Tales at the Edge of a Whiskey Glass

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I like the tales that often start
at the edge of a whiskey glass
where the eyes stare at some lost thing
that seems to dance two miles away,
and something in the voice
cautions you to listen, as though
you are handed a treasure map
for gold in a cave by the bay.

It’s a jagged-worded story
pulled up from that deep well
where a young lover’s sled once slid
through unmarked snow on a white hill,
and playful children were called home
by the ring of a large brass bell.

I like the we way that such stories
pause with a soft-spoken, “you know?”
and the open eyes glance sideways
to check your short nod that “it’s true”
and new bonds are forged in each sound
that peels back layers of a wall
between the smooth whiskey and you.

I like the way the eyes look down
then quickly away, then roll up
with some kind of awestruck wonder
at fate and time and childish play.
And that moment when evening’s edge
draws near, to hide a tear-splashed cheek,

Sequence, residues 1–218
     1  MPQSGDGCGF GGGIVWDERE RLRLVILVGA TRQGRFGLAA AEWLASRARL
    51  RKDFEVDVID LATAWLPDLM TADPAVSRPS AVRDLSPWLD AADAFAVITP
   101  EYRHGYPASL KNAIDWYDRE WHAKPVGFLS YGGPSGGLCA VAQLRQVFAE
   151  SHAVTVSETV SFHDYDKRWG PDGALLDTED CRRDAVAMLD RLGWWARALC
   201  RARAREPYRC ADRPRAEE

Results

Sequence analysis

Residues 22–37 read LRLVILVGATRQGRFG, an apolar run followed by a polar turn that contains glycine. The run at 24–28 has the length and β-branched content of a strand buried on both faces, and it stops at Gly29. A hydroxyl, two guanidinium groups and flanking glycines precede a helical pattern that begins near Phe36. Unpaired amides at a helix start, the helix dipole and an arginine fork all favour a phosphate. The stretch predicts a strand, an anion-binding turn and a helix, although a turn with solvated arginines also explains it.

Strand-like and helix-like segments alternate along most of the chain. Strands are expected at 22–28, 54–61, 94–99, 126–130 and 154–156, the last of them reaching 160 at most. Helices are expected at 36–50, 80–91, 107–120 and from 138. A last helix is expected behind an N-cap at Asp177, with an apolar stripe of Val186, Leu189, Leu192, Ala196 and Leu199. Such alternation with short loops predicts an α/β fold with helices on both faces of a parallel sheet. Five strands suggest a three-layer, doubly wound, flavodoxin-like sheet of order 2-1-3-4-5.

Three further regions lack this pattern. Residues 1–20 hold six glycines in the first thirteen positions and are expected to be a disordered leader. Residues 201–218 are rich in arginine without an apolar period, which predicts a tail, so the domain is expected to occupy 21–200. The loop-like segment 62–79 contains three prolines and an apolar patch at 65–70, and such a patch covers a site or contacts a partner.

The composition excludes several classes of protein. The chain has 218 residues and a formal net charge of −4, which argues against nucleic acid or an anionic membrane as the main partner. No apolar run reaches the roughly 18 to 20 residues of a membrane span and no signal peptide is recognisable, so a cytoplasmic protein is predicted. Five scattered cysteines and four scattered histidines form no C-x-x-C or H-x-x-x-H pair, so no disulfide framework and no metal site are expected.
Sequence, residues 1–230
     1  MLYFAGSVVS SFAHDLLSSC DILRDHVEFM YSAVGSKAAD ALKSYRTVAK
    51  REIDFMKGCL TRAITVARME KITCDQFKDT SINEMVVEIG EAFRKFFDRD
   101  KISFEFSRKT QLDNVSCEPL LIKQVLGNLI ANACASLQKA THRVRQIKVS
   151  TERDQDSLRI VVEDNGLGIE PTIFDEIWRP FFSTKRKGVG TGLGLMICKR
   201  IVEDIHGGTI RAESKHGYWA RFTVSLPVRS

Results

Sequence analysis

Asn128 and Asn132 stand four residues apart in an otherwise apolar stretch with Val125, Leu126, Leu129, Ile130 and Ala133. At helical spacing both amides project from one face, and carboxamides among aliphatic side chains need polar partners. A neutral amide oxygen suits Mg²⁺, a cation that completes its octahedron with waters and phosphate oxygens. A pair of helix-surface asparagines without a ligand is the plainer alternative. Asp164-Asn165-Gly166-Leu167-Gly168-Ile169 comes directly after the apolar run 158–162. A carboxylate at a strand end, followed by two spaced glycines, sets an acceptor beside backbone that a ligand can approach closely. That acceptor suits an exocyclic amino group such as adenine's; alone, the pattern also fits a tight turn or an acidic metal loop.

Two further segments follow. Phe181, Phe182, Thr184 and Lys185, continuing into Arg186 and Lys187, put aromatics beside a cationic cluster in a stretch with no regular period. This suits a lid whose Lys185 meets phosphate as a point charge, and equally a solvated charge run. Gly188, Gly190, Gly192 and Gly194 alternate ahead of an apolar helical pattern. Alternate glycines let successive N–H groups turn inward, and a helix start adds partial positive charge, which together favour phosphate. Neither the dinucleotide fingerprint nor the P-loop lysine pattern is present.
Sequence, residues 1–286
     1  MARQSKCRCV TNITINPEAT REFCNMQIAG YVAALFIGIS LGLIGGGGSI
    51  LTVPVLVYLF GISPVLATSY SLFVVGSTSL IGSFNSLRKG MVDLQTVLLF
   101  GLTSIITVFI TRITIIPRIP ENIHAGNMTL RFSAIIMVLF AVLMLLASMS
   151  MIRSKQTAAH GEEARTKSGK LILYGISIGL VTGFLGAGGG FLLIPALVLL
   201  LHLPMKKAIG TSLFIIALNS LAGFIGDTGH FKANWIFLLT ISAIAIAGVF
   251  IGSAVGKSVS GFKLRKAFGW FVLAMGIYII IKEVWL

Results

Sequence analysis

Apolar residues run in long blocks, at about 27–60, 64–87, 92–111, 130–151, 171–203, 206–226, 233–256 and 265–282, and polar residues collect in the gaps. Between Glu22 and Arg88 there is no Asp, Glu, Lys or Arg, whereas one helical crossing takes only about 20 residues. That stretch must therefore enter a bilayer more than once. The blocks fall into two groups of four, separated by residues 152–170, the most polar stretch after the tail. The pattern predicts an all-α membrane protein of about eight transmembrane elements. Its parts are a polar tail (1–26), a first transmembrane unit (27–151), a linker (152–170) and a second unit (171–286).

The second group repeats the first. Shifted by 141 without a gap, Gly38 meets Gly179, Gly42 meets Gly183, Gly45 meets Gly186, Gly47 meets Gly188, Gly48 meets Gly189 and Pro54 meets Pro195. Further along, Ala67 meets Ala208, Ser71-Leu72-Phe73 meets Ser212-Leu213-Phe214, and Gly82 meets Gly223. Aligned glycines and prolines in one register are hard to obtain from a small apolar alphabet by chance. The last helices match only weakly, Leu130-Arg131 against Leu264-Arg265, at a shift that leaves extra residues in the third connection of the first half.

when crooked smiles bury the tale
and old friends turn and walk away.

TALES AT THE EDGE OF A WHISKEY GLASS by William Harshbarger


Photo used under CC.

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About Author

William "Bill" Harshbarger was born in 1942. He taught History at Mattoon High School in Mattoon, Illinois for 35 years. He also owned and operated a bed and breakfast in Arcola, Illinois, with his wife Lynn, who is also an artist. He currently lives in Arcola, illinois and is now retired. He enjoys reading and writing, and is an education activist. He hopes to be remembered as a teacher who won no awards, did little harm, and who managed to provide for his four children with a modest amount of income. The members of his Bob's Books Tuesday night poetry group would like to add that he is also a charming and interesting man, a fine poet, and a treasured friend.

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